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7 Reasons to Toss Your Slides

Okay, maybe not always. Still, I gave a talk without slides the other day, and I loved the freedom of it. People were engaged. They gave great feedback. I had a great time. Plus, the sponsor was happy.

As I think back to other talks I’ve given without using slides, I enjoyed them more, too.

09-26 Slide Example

~It’s hard not to keep looking at a slide.

Here are three reasons why slides can mess up your talk:

  1. Slides capture attention. That big, bright screen at the front of the room is hard to ignore. Slides can take attention away from everything else: you, other participants, even the points you’re trying to make.
  2. People can’t read and listen at the same time. They start reading. You can’t put it all on the slides. If you do, then they don’t need you. If you don’t, then they may not hear you.
  3. Slides can be a barrier to engagement. Because your audience is looking at the screen, it’s harder to establish rapport or good communication.

You can make this better. Reveal a point at a time, put less text on your slides, use better images (or mostly images), turn the screen dark when you don’t want people to read stuff…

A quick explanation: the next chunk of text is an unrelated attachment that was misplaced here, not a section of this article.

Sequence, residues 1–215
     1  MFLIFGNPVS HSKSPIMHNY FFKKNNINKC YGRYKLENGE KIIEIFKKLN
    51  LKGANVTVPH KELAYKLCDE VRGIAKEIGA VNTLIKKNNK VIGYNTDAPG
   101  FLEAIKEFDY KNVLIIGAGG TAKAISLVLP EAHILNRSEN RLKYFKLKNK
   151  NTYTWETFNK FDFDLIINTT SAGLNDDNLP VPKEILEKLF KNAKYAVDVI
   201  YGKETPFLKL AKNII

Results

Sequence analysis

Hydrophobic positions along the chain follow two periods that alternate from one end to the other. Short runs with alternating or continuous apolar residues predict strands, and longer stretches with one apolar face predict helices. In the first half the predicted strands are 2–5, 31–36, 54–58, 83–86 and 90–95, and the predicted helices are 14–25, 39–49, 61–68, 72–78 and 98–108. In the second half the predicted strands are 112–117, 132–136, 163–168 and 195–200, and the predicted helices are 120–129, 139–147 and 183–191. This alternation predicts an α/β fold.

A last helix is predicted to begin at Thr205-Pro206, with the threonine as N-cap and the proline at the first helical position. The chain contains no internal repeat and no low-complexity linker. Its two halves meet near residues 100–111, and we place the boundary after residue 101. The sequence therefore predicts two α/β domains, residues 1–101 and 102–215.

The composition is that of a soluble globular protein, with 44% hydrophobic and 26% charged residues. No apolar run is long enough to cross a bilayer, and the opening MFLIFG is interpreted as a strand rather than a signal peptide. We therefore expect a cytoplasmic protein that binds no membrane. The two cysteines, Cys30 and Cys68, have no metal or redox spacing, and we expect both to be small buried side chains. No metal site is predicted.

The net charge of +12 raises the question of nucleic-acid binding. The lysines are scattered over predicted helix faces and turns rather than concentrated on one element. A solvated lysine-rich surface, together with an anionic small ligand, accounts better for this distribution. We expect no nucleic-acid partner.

What I did instead. I used a handout that included the structure of my talk, some specific content, and plenty of room to write notes. No slides.

Here are seven reasons to ditch your slides:

  1. Increase engagement. Without splitting attention with what’s on the screen, you’ll have better rapport with your audience. They can invest more actively with the content, you, and other participants.
  2. Increase energy and reduce fatigue. Frequently focusing on slides means that you have to recapture attention over and over again. That’s draining. Eliminate this pattern to make your talk easier for you and for your participants.
  3. Increase flexibility. You can skip forward or go back without awkwardly navigating through slides that are stuck in a fixed order.
  4. Have more fun. There’s more of a “we’re all in this together” feeling without the inevitable pull to keep looking at the screen.
  5. Reduce stress for you and your sponsor. Nobody has to make sure the technology works.
  6. Save time and be better prepared. You can spend many hours making just the right slides. Instead, use that time to create a better talk.
  7. Juggle less. You don’t have to remember what’s on the slides, what’s in the handout, what’s in the Leader’s Guide, or what you wanted to do next. Your copy of the handout can include all the notes you need.

I’m sure there are times when you’ll really want slides. Me, too. That’s okay. But over the years, I’ve noticed that talking without them can create a better talk for my audience, my sponsor, and for me.

What do you think? Slides? No slides? Always, sometimes, never? 


Post | Hate Presenting? It’s Not You, It’s Your Slides

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Post | No, You Can’t Have My Slides

Slides | My PowerPoint slides for the RSA Conference 2011 (pdf)

Slides | Really BAD PowerPoint (and how to avoid it) (pdf)

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